The case then went to the state Appeals Court. There, Garcia-Mendoza’s attorney argued that because the stop was illegal, police shouldn’t have been able to seize the property. He cited the exclusionary rule.

The Appeals Court disagreed, saying that the legal principle applies only to criminal proceedings, not civil ones such as Garcia-Mendoza’s forfeiture case.

But in Wednesday’s ruling, the state high court cited a 1965 U.S. Supreme Court decision for extending the exclusionary rule to civil matters.

The ACLU of Minnesota had supported Garcia-Mendoza’s argument that the rule should apply in civil cases as a balance to “perverse incentives” for law enforcers when a profit motive is injected into police seizure of private property. It referenced the notorious case of the Metro Gang Strike Force, which repeatedly abused its forfeiture authority and cashed in on the proceeds from 2005 to 2009.



Uttarakhand governor refuses to quit, challenges Modi govt in SC

Uttarakhand governor refuses to quit, challenges Modi govt in SC

NEW DELHI: In an unprecedented step, Uttarakhand governor Aziz Qureshi on Wednesday moved the Supreme Court questioning the Narendra Modi government’s nudge to quit the constitutional post.

Many governors, appointed during the UPA regime, resigned after the NDA government’s message to quit delivered through the home secretary. But Aziz decided to take on the Modi government, questioning the home secretary’s “audacity” in calling him up and asking him to put in his papers.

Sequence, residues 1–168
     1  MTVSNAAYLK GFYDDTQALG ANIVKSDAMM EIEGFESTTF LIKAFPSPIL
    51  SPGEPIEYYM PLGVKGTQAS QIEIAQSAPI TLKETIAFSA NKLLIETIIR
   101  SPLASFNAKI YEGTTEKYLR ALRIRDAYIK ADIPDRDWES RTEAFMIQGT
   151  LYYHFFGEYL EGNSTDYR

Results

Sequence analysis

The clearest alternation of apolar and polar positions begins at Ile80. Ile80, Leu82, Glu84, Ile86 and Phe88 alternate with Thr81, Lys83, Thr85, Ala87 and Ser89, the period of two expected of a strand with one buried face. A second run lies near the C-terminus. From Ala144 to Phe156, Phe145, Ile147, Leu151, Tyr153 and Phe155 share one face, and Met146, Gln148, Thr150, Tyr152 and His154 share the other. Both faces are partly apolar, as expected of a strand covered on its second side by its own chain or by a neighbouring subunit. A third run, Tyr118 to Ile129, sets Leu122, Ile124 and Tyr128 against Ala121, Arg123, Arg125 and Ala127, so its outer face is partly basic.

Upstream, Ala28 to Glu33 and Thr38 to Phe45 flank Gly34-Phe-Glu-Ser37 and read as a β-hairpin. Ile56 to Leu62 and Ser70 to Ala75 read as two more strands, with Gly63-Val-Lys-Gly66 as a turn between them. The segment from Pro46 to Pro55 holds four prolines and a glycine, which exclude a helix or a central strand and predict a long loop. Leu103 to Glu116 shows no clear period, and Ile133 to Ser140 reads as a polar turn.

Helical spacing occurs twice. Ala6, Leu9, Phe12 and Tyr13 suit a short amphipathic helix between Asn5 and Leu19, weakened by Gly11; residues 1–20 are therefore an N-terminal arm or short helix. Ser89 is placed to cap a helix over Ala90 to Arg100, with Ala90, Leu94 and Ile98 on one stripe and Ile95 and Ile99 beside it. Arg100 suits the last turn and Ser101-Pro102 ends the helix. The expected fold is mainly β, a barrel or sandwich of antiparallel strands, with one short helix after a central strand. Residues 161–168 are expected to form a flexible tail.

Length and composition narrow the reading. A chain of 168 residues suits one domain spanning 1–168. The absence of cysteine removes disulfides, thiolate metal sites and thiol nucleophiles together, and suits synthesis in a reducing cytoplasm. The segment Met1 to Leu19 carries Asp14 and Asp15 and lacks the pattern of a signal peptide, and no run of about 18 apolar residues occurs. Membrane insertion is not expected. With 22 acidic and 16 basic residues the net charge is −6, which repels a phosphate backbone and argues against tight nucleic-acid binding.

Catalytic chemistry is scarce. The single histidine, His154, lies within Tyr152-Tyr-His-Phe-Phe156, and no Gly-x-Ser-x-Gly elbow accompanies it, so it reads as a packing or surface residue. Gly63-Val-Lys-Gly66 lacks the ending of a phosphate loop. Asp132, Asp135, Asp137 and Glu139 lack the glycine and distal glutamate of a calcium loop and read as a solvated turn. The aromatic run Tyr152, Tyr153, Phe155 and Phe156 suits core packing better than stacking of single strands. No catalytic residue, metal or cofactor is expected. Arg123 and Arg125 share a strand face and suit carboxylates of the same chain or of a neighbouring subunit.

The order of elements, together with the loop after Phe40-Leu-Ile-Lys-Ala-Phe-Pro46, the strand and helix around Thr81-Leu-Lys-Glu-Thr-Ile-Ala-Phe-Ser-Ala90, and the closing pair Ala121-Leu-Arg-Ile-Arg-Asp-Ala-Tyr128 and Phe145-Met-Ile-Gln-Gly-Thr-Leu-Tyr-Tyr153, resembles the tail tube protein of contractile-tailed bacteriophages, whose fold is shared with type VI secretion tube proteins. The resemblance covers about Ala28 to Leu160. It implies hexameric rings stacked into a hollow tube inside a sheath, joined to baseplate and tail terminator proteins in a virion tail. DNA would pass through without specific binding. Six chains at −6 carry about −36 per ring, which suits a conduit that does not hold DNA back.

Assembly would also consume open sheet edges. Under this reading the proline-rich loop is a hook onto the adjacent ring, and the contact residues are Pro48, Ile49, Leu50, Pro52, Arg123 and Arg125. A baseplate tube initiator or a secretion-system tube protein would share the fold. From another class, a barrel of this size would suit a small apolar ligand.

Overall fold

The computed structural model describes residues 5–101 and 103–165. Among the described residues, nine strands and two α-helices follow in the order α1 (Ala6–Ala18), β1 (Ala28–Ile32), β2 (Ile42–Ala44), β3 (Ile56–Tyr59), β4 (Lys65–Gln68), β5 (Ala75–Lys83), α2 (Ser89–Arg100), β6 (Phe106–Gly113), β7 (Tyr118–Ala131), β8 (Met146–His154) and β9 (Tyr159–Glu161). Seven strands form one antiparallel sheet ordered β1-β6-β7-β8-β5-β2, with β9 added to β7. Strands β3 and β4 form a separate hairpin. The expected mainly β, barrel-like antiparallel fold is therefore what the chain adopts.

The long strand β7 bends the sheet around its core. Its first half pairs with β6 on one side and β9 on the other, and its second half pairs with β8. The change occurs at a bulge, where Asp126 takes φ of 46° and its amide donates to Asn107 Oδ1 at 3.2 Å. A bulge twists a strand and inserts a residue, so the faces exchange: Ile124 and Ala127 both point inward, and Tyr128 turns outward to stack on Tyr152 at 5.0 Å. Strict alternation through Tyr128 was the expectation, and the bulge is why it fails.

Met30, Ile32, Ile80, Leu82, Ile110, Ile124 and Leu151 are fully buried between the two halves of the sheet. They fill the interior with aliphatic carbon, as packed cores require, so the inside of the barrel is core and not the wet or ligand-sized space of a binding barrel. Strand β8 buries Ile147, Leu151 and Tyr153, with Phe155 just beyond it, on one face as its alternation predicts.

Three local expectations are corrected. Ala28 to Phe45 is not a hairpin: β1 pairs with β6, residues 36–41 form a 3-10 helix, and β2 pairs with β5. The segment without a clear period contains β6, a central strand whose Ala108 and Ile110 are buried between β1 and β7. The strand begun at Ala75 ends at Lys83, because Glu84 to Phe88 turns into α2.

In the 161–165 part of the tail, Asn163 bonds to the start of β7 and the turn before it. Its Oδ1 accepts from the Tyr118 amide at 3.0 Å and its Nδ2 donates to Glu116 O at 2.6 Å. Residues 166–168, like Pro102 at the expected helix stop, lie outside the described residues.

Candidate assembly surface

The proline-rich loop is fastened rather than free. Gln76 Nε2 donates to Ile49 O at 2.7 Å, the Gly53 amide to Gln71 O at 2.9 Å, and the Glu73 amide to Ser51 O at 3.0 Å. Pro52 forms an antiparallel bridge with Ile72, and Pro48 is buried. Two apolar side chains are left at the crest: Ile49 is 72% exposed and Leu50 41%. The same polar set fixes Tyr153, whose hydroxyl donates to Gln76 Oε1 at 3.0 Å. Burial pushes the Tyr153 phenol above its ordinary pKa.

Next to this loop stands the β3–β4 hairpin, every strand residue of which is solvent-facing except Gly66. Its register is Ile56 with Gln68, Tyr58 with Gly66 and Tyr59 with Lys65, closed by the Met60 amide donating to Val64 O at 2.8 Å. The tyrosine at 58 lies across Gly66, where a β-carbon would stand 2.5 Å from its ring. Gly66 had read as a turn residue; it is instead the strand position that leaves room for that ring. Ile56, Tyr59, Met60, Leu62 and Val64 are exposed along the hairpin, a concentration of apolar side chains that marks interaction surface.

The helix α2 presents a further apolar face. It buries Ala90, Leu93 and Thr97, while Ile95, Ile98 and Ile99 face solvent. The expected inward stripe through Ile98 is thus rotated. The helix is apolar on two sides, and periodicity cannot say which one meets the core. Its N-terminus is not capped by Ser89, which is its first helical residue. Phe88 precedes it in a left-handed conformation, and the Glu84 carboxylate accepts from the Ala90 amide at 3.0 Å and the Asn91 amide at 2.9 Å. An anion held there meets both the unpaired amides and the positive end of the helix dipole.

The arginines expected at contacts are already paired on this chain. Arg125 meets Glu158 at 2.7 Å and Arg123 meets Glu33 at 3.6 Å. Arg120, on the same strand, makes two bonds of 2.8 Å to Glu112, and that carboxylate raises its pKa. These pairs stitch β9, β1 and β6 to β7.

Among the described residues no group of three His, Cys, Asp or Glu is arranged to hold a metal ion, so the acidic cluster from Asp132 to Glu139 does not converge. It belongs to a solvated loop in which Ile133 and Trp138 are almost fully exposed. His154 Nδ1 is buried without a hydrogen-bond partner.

Aziz’s petition is listed before a bench headed by Chief Justice R M Lodha on Thursday for urgent hearing. In his petition, the Uttarakhand governor termed the home secretary’s telephone call as “rank insubordination” and “audacious”.

He said under Article 156(1) of the Constitution, “the governor shall hold office during the pleasure of the President” and that he would hold office for five years if he continued to enjoy the confidence of the President.

Aziz said if at all someone should ask him to quit, it could only be the President and no one else. The governor, as has been consistently ruled by the Supreme Court, was not an employee of the Union government, he said.

He cited the Supreme Court’s judgment in 2010, when it had decided a petition by BJP MP B P Singhal challenging the UPA government’s 2004 decision to remove Vishnu Kant Shastri (UP), Babu Parmanand (Haryana), Kailashpati Mishra (Gujarat) and Kidarnath Sahni (Goa).

The court in its May 2010 order had said governors were not employees of the Union government to warrant removal on the ground of loss of “confidence” in them.